Tag Archives: Nature Medicine

Drug Reverses Alopecia Areata Hair Loss

Drug Reverses Alopecia Areata Hair Loss

Researchers may have found a cure for the baldness caused by alopecia areata, an autoimmune condition that causes patchy hair loss, and it is a drug already on the market, though for the treatment of bone marrow disorders. After just five months of taking ruxolitinib, three alopecia areata patients who had lost at least a third of their hair due to the disorder saw total hair regrowth. Further testing is needed to see if this treatment will be safe and effective on a wider scale. More… Discuss

Supercooling Could Extend Organs’ Viability

Supercooling Could Extend Organs’ Viability

A new technique for “supercooling” organs could preserve donor organs for days, allowing doctors more time to match them to suitable transplant candidates. Currently, doctors have a day or less to get a liver into a recipient, but in tests on rats, the new process kept livers viable for three days, a vast improvement. Rat livers are considerably smaller than human ones—0.35 oz (10 g) compared to 3.3 lb (1.5 kg)—and it remains to be seen whether scientists can scale up the technology and whether it will be able to preserve other organs as well. More… Discuss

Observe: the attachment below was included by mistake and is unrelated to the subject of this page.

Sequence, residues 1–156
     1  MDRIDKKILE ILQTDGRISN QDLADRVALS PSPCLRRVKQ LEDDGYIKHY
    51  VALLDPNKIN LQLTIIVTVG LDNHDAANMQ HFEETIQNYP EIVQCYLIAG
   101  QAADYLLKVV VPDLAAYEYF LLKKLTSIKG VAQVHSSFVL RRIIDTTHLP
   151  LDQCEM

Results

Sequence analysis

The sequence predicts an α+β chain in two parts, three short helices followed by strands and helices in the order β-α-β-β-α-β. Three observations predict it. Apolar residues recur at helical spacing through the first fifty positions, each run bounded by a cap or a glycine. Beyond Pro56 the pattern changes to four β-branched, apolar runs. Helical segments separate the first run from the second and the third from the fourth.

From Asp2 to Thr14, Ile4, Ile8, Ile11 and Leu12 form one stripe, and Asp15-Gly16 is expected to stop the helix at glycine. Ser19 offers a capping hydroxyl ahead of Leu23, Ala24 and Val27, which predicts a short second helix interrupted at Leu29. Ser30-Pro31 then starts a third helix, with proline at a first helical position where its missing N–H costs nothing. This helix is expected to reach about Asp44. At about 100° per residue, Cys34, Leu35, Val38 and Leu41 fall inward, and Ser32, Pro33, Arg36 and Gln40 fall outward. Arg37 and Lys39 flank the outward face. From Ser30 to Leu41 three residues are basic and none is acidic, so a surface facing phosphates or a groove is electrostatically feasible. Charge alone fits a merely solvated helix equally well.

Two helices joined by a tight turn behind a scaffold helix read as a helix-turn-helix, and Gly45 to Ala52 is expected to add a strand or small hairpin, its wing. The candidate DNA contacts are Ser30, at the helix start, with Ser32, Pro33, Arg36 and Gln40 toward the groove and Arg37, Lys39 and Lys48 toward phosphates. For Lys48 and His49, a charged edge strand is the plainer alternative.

Blood from Young Improves Memory in Old

Blood from Young Improves Memory in Old

Transfusing the blood plasma of young mice into older mice allowed them to perform better on tests of memory than their peers, suggesting that some factor or factors in the blood of the young can reverse certain aging processes. Researchers are now trying to identify which factors accomplish this and whether similar benefits would be seen in human trials. More… Discuss

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Blood Test Predicts Alzheimer’s

If you could find out today whether or not Alzheimer’s disease is in your future, would you want to? Scientists in the US have developed a blood test that they say can predict with 90 percent accuracy an individual’s risk of developing Alzheimer’s within the next few years. The test looks at the levels of 10 lipids in the blood that appear to be predictive of future cognitive decline. It is unclear why these lipid levels act as an indicator, but one theory is that early changes in the brain affect these circulating fats. Experts are now in the process of confirming and refining these findings. More…Discuss


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